But stop me if you’ve heard this one before. In 2004, the Rangers had an infield of young promising infielders in Teixeira, Soriano (at the time they thought he was about 23), Young, and Blalock. A young Adrian Gonzalez was on that team for a moment as well. Somehow, Soriano was sold for some magic beans, Teixeira is gone, and Young is 30. Gonzalez has become a pretty good starting 1B in San Diego. So what happened?
This is the same team that traded Travis Hafner for Einar Diaz and Ryan Drese. Some of Texas’s talent will mature and maybe even a star or two will be born. Given the team’s track record, will those stars be born in Texas?
What the heck happened to Kevin Millwood?: In 2005, Kevin Millwood signed a one-year make-good deal with the Indians and looked outstanding. He lead the American League in ERA, and parlayed it into a nice five year deal. Millwood, in his past two seasons hasn’t been the same pitcher. Did Texas get a lemon? It’s odd because now Millwood has traversed the path from phenom to disappointment (remember the Johnny Estrada for Millwood trade?) to resurrection project to “veteran presence” since winning 17 and 18 games for the Braves in 1998 and 1999 as a 23 and 24 year old. So what happened to Kevin Millwood? Let’s compare the Kevin Millwood of 2005 to the Millwood of 2007. His strikeout rate is down a wee bit (6.8 to 6.4 per nine innings), and his walk rate is up (2.4 to 3.4 per 9). However, his batted ball profile (GB/LD/FB) looks almost identical. The big difference is in BABIP. Millwood, early in his career put up BABIPs of around .290-.300. In 2005, he was right there (.291), but in 2007, he was up to .348. A good amount of Millwood’s problems are that balls are dropping in. BABIP is generally considered to be something over which a pitcher has little control. The walk and strikeout rates going in the wrong direction are more concerning, but let it be known that Kevin Millwood is probably a much better pitcher than last year’s number indicate.
One minor thing that he might just look into though. Thanks to fellow Sabermetrician Josh Kalk (go to his site!), who has done amazing work with the Pitch f/x data out there, we can sneak a peek at Millwood’s pitch selection. He only really throws his curveball when he has two strikes. Elsewise, it’s all 92 MPH fastball and 87 MPH change. 2005 was his first year in the AL. Perhaps after that year, when Millwood went to Texas, the “book” on Millwood got passed around and AL hitters realized that early in the count, they didn’t have to watch out for Millwood’s breaking stuff. We don’t have data on pitch selection from before 2007, so it’s not clear if he’s always been pitching this way or not.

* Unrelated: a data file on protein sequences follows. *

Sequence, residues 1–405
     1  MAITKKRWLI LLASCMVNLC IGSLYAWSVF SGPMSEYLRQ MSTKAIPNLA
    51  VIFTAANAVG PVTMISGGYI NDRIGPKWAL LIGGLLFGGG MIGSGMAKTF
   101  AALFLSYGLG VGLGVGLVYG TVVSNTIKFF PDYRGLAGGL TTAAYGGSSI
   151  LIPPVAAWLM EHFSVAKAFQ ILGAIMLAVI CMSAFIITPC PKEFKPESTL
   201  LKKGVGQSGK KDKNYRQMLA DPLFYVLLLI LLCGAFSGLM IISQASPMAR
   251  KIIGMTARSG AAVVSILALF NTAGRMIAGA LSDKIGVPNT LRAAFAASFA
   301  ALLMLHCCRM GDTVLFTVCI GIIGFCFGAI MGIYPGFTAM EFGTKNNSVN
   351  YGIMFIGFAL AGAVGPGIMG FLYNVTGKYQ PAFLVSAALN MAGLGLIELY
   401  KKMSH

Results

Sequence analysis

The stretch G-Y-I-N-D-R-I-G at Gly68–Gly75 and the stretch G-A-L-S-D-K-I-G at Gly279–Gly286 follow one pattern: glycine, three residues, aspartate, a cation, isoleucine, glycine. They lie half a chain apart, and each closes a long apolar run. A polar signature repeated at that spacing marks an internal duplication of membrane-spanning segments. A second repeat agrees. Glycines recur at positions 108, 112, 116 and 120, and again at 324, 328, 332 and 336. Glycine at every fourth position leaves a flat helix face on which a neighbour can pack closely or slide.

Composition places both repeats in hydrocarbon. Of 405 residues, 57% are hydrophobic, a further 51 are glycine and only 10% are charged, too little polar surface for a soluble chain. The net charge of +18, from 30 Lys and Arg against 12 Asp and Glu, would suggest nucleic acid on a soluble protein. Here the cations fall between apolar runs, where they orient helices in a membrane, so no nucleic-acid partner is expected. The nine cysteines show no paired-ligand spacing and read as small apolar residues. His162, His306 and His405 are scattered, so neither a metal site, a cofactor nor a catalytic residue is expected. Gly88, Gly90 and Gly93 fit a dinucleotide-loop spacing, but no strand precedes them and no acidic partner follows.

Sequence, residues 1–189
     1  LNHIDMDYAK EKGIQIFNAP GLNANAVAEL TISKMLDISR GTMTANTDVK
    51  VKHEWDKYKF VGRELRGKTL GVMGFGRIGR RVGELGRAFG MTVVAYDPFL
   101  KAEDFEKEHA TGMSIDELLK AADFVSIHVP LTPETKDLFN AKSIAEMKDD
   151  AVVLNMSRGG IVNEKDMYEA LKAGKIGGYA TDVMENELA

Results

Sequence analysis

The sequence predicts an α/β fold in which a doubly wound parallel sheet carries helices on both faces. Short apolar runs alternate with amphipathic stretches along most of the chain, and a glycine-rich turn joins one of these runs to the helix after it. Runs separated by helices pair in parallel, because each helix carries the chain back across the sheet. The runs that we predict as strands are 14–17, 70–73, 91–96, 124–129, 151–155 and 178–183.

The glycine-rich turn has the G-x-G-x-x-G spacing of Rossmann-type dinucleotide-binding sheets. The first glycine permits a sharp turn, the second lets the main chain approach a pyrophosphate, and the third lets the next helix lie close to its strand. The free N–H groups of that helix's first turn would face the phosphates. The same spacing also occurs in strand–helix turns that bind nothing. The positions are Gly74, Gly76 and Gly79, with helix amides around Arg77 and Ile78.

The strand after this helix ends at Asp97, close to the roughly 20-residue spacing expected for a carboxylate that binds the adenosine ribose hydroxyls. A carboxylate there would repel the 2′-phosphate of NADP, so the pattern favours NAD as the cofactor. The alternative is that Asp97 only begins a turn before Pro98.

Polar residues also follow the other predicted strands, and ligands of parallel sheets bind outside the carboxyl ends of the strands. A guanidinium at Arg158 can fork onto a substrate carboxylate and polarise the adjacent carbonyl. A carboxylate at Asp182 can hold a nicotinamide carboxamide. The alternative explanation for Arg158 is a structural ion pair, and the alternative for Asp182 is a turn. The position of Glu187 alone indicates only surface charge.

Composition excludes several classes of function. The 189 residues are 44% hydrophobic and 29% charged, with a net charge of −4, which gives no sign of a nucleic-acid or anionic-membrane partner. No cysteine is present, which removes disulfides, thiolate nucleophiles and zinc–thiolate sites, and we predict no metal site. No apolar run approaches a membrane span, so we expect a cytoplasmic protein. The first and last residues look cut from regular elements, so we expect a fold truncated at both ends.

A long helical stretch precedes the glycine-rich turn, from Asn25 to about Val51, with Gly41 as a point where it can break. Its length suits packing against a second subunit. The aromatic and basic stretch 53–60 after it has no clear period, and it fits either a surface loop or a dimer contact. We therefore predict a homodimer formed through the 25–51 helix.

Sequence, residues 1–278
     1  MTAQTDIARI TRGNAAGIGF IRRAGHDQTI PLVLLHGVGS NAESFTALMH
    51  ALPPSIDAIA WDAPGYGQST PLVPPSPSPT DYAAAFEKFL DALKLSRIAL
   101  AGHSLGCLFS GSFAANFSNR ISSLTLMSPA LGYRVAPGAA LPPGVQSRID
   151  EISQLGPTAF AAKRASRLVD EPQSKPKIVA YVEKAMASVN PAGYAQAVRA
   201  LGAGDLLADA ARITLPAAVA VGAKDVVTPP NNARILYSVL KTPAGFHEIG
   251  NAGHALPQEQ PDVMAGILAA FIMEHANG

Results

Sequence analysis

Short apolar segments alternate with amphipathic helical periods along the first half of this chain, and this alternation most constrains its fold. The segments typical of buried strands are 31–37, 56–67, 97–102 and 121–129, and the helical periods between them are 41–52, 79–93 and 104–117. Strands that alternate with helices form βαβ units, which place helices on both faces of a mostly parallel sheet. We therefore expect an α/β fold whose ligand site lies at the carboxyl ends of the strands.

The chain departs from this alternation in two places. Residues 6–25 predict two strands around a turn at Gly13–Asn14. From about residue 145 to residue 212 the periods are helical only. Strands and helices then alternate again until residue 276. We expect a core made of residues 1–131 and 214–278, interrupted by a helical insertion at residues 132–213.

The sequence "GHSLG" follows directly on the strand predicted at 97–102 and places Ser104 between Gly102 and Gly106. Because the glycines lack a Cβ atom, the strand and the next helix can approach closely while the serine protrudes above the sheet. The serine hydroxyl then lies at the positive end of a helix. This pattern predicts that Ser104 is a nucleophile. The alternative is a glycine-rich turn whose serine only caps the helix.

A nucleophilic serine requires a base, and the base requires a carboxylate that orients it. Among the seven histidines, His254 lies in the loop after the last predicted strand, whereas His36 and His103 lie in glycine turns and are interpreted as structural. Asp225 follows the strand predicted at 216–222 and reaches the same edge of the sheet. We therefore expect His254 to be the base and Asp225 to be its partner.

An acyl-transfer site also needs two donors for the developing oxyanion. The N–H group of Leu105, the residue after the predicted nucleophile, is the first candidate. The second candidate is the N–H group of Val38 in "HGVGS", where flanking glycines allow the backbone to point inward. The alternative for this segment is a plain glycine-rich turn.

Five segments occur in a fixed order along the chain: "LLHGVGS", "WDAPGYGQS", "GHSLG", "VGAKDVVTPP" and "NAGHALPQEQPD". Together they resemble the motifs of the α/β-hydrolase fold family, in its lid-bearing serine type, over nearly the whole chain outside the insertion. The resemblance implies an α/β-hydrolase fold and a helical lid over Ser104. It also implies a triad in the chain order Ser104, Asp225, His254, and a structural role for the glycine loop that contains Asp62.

What a fun name to say!: Joaquin Benoit. C. J. Wilson got the saves after Gagne got traded, but it was Benoit who faced more hitters overall and had a higher average leverage when he pitched. Benoit learned to control his walks within the last year, dropping a full BB/9 from his resume, which is interesting because 38% of his pitches have been balls in each of the last three years. He’s always had the stuff to strike batters out. Maybe Benoit learned how not to throw ball 4, or maybe he got lucky in the bunching of his pitches not to walk so many as he has in the past.
One additional warning sign. Check out his batted-ball-type distribution. From 2006 to 2007, his fly balls, especially infield flies, are dropping and his line drives are increasing. He actually got hit harder last year than in previous years, although his BABIP didn’t suffer for it. Still, Benoit just signed a two year contract worth some cash. Rangers fans, here’s to hoping he ends up being worth it.
Outlook: Surprisingly strong long-term. There’s some talent in Texas, and if they all develop, Texas could put together a very good team. Or it could be yet another Rangers team that falls apart and tries to fix it by signing Chan Ho Park to a 5 year deal at $15M per.